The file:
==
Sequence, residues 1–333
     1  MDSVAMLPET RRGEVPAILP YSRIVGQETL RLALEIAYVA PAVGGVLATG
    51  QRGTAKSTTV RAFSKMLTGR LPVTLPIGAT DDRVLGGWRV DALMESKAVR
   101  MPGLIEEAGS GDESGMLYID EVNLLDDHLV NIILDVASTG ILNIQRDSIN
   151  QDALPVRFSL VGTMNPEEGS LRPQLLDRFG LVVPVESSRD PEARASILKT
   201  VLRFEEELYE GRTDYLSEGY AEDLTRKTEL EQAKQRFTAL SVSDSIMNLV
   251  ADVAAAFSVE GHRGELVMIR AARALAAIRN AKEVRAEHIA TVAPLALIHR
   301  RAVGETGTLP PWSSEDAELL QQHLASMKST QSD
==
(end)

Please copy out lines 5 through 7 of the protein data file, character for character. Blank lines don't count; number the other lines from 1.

   151  QDALPVRFSL VGTMNPEEGS LRPQLLDRFG LVVPVESSRD PEARASILKT
   201  VLRFEEELYE GRTDYLSEGY AEDLTRKTEL EQAKQRFTAL SVSDSIMNLV
   251  ADVAAAFSVE GHRGELVMIR AARALAAIRN AKEVRAEHIA TVAPLALIHR